1. I probably do this more often than I realise.
  2. The daughter wasn’t surprised that I didn’t go back over the questions – she just assumed that if she couldn’t do the homework this was her problem. This just makes my behaviour so much more disappointing.
  3. While it wasn’t pleasant to hear this, it most definitely was something I needed to be pulled up on. The dad wasn’t being rude; I had told all parents that I welcomed their feedback and he was merely obliging.
  4. What was much more disquieting was the thought that I have probably been doing this for years and would never have changed if it wasn’t pointed out to me. I assume my homework is relatively straightforward but in hindsight this is very presumptuous of me and is something I need to be careful about in the future. While all the time keeping in mind that there is a large body of evidence out there which calls into question the effectiveness of any homework I set.

So for any teachers out there reading this who haven’t already done so, why not send out an email this week to the parents of just one of your classes, setting out to do no more than initiating contact and offering them your email address – what’s the worse that could possibly happen?

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4 comments

  1. I love this post! I have had experience of a school which seemed to go out of its way to keep parents from teachers. I once requested the physics teachers’ email address to add to an application form for a course in UCD..as per the instructions on the form. Said physics teacher wrote to me to say he couldn’t possibly be expected to give out his email address to parents…I guess because of a fear that we’d all be emailing him constantly! Unfortunately, the same logic applied across the board and contributed to extremely bad relationships between the school and several families. When parents are repeatedly fobbed off by school secretarial staff without any reassurance that their message will be relayed to the teacher to whom they wish to speak, tensions rise quickly, which does nothing to help anyone. We eventually removed our children from this school and what a difference we met!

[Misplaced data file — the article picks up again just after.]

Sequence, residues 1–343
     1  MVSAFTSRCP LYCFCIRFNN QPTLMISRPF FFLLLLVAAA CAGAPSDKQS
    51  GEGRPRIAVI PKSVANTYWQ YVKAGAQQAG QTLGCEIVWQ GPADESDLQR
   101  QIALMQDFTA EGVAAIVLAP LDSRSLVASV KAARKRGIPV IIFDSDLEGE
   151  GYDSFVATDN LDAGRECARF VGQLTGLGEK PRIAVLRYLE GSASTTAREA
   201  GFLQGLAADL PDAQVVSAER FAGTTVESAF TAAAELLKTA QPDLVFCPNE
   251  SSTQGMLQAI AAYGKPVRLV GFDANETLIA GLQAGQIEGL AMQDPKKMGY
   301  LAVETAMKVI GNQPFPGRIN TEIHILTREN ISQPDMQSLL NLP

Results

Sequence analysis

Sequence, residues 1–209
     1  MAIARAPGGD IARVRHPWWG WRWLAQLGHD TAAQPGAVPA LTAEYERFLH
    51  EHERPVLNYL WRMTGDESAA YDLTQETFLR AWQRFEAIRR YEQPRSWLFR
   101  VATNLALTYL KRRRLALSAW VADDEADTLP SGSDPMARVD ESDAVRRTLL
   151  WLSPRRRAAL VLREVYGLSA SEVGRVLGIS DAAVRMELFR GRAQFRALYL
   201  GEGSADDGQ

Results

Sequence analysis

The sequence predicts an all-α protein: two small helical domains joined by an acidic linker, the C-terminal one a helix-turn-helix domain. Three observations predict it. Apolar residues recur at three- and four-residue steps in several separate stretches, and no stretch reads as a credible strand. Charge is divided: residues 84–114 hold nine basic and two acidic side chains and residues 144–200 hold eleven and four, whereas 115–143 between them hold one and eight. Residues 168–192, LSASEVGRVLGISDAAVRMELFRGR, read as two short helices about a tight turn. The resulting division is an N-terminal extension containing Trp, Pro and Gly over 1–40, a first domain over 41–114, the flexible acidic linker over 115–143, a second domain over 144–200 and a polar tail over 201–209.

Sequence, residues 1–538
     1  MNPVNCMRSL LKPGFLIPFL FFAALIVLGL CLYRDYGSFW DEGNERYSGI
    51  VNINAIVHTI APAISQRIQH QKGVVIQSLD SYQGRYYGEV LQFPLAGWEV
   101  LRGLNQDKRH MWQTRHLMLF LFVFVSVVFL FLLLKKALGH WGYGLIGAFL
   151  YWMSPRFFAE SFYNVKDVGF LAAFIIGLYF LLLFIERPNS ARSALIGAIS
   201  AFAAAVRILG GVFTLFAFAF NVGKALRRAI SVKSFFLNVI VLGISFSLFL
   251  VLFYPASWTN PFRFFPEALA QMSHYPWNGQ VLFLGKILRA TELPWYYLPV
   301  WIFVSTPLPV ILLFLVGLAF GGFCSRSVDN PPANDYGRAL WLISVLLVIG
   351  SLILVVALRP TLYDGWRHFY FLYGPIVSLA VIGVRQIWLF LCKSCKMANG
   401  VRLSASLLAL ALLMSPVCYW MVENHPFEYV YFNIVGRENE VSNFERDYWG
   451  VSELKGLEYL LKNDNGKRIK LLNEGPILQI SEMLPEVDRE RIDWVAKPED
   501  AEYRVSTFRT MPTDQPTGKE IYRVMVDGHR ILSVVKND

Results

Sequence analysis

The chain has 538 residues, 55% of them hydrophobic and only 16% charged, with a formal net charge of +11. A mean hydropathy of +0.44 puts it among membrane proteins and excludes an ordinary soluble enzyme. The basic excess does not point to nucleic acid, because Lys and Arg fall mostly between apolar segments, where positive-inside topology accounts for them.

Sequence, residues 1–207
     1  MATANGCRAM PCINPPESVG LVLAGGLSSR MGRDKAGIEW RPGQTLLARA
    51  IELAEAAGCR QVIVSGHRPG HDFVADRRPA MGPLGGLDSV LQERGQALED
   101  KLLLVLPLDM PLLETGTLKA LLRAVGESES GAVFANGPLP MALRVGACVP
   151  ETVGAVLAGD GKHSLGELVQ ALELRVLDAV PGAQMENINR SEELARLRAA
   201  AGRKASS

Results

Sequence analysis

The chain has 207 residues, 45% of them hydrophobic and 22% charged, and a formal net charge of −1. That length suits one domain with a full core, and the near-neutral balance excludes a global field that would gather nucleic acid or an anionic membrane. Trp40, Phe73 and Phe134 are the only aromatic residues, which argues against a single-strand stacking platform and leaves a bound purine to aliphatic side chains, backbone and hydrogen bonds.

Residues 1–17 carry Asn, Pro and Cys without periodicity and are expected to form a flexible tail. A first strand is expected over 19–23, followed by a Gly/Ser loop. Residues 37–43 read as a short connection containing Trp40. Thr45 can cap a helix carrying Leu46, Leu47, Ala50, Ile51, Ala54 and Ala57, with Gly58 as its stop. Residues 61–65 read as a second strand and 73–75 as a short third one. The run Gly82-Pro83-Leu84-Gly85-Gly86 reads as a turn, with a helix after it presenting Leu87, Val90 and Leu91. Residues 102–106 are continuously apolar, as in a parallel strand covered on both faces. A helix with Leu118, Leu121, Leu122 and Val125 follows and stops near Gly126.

Each teacher in our current school has an official school email address and parents are encouraged to use it. What we quickly learned is that this is a win-win situation. We, as parents, have the reassurance that we can contact any teacher at any moment, should the need arise, so we are less anxious and emotional. When sitting down calmly to write an email, one tends to put some thought into it too, rather than use the opportunity to have a good rant, as you might when you finally get to talk to a teacher who has been dodging you for days/weeks! It might be just a quick one-liner to give a teacher a heads-up on an issue or to say thanks for something they did. From the teachers’ perspective, they can read the message at a time of their choosing and can respond calmly when they have gathered the full facts, where necessary. They can also send a quick message to parents if they need to flag an issue or ask a question.